In seeking out old cars, no matter how hard one tries it's impossible not to get ones hopes up when hot on the trail. Thus they are nearly all disappointing. It's just a question of how bad. Then you get used to it...or resigned, and begin to count up the good things about it (it didn't fall over and kill you in the extraction). When this one rolled out of it's lair, replete with about 500 pounds of woodchuck droppings, missing not only the transfer case but the whole transmission, starter, carburetor, generator, headlights etc. etc. and sporting a fairly well crafted but butt-ugly aluminum top (in post war years it was used as a delivery mule around the factory and the top was added to protect against Michigan weather) and a rash of badly welded or cut body amendments and deletions, ones heart sinks. However, human nature dictates that in desperate situations a person will develop a false optimism.It's a hard wired survival instinct I guess. And even you have to admit that with that grotesque top taken off it begins to look a bit more like a BRC? (It still reeks of woodchuck though. What the hell IS a woodchuck??!!?? They must be very powerful animals.)
The links that follow are in chronological order and reflect my feelings about the restoration and it's history at the time I observed them. This makes for an interesting document for those restoring historical cars as you will see how something that seemed "obvious" at first may turn out differently later on. This creates the difficulty however that some pages will not stand alone very well where they have been overcome by facts in a subsequent page...and what if someone comes into a page from outside, without reading this caveat? So, what I'll do is go in and place comments enclosed by [ ] brackets to show I have made some revisionist comments.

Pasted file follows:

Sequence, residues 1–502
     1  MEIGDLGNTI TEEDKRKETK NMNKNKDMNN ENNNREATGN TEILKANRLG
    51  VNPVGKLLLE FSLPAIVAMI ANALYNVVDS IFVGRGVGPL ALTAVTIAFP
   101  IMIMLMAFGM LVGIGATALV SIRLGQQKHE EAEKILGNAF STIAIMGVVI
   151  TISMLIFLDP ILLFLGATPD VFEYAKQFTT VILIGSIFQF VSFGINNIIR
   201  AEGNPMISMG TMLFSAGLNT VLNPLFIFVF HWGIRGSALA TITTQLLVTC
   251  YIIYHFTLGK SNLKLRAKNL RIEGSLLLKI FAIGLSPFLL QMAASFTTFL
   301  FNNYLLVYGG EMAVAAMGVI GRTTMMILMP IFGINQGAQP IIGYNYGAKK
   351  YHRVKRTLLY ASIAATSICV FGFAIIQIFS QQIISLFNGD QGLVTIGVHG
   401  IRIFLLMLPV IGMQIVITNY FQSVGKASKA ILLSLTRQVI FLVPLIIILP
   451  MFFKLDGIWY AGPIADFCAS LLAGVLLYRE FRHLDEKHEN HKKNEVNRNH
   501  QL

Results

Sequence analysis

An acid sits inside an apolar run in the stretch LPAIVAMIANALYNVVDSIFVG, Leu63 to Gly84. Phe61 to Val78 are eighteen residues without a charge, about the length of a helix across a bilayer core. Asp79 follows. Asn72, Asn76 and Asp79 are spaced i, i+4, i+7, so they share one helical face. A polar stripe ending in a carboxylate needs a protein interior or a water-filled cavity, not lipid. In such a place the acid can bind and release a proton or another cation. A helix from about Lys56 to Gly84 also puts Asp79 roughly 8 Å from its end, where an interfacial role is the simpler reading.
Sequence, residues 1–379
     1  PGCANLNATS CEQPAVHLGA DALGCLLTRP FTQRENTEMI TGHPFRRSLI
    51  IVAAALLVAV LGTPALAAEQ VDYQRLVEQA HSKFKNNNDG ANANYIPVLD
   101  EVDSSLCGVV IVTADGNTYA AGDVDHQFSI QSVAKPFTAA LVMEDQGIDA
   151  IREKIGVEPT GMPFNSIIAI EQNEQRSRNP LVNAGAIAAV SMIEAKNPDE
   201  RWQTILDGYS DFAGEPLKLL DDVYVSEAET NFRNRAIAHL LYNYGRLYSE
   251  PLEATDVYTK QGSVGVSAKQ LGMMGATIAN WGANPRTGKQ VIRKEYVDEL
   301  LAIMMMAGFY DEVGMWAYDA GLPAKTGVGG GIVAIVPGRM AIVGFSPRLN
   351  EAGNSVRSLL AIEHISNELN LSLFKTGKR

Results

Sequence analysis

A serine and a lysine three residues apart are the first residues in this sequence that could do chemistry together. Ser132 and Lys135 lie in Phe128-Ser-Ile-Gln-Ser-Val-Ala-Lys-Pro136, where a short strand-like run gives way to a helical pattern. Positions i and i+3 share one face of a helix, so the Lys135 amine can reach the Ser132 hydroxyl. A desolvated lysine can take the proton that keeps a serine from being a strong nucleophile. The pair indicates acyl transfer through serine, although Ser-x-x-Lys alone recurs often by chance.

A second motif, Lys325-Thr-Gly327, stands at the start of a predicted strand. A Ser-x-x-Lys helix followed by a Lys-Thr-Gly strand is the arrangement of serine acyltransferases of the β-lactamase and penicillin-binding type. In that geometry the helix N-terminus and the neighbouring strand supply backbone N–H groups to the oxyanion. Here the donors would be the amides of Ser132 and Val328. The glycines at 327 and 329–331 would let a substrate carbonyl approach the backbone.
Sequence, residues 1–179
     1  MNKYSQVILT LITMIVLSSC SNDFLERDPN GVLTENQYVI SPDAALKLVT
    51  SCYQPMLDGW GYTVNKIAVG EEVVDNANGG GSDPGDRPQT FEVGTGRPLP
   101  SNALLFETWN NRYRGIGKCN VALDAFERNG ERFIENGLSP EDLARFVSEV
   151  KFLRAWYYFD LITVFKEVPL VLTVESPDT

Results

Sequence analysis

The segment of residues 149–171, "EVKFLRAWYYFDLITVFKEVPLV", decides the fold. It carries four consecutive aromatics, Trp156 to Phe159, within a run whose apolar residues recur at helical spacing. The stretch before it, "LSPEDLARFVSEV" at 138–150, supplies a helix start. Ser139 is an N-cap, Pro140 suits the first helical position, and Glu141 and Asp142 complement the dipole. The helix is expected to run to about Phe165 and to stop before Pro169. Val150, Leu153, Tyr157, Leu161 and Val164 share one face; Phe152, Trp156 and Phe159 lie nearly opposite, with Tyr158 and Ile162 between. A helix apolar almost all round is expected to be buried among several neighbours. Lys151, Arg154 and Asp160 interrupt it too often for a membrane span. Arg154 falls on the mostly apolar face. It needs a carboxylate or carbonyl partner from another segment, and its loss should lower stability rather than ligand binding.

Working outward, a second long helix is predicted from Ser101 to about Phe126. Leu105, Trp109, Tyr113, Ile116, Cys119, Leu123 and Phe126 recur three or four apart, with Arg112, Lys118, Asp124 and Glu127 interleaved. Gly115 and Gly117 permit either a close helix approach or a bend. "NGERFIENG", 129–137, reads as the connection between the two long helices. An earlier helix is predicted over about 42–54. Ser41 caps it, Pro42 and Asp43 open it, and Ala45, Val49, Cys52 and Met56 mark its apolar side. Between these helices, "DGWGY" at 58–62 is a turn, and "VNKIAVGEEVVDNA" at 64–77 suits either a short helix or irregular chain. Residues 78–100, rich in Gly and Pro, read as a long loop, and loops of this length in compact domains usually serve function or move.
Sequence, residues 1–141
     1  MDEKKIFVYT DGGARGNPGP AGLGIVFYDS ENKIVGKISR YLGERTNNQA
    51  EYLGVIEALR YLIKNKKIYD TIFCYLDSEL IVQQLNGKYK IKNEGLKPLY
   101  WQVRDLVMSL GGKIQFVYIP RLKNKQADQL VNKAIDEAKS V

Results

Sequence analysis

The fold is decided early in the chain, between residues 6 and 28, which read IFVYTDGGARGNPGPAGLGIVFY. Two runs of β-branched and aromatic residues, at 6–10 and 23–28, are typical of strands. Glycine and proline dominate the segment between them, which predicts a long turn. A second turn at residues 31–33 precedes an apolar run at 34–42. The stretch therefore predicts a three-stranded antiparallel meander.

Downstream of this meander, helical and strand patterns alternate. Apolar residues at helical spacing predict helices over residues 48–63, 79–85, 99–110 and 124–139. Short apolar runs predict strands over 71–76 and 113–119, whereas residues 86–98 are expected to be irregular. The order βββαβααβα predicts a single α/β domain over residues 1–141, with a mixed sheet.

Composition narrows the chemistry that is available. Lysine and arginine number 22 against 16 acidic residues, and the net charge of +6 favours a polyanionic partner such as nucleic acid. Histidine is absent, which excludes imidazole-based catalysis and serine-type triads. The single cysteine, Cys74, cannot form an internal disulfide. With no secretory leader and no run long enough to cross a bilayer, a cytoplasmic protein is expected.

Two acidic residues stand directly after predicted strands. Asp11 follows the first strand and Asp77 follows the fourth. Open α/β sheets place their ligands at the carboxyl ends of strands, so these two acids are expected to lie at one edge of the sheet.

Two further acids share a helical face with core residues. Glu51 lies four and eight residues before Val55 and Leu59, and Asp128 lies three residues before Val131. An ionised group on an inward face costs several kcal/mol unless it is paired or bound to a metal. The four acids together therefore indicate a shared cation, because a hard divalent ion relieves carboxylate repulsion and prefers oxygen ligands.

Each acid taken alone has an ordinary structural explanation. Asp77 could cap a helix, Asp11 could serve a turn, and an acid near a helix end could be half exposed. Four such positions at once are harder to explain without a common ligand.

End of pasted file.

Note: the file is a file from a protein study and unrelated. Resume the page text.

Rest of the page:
My initial reaction was that there was no way this could be a "Checker RC" in the sense that it was produced from scratch in Kalamazoo. I still see no evidence that the constituent parts are anything but Bantam and I believe the Gilmore car to be a Bantam as well. The only question is, how much assembly was done in Kalamazoo and how much in Butler? As will be seen, infra, there is evidence of a contract, or at least a serious negotiation between Bantam and Checker dated Feb.11, 1941. It seems clear that if Checker was going to produce these cars, or was even considering it, they would have had to have some examples from which they could reverse engineer and figure out a bid price. The Bantam data plate, as referred to below, gives a "delivery date" of May 28, 1941. And we place the third Checker Cab Bantam at Holabird on June 11, 1941, so whatever they did to them and however long they had them, they finished in the late spring of '41.
First of all, on this car, right there on the dash where it's supposed to be is a Bantam data plate. .It carries the very unusual, out of sequence chassis #101, (more on which later), and a delivery date of 5-28-41. However, all may not be as it appears. See what I discovered about these plates! I also discovered a very corroded Checker data plate under the hood! However, on the Checker plate, one can make out in the space for "MODEL" is stamped "BANTAM RC". Chassis #101. I would say that settles that. Even Checker considered the car a Bantam RC. (The museum car has no similar Bantam data plate on the dash, although one of the other plates has been moved over to it's spot. That dash has all the requisite holes for all the Bantam data plates. Drilling these would not have been a likely exercise in scratch built a "CRC" (IMHO). I do not know if it carries a Checker data plate but will find out and report back.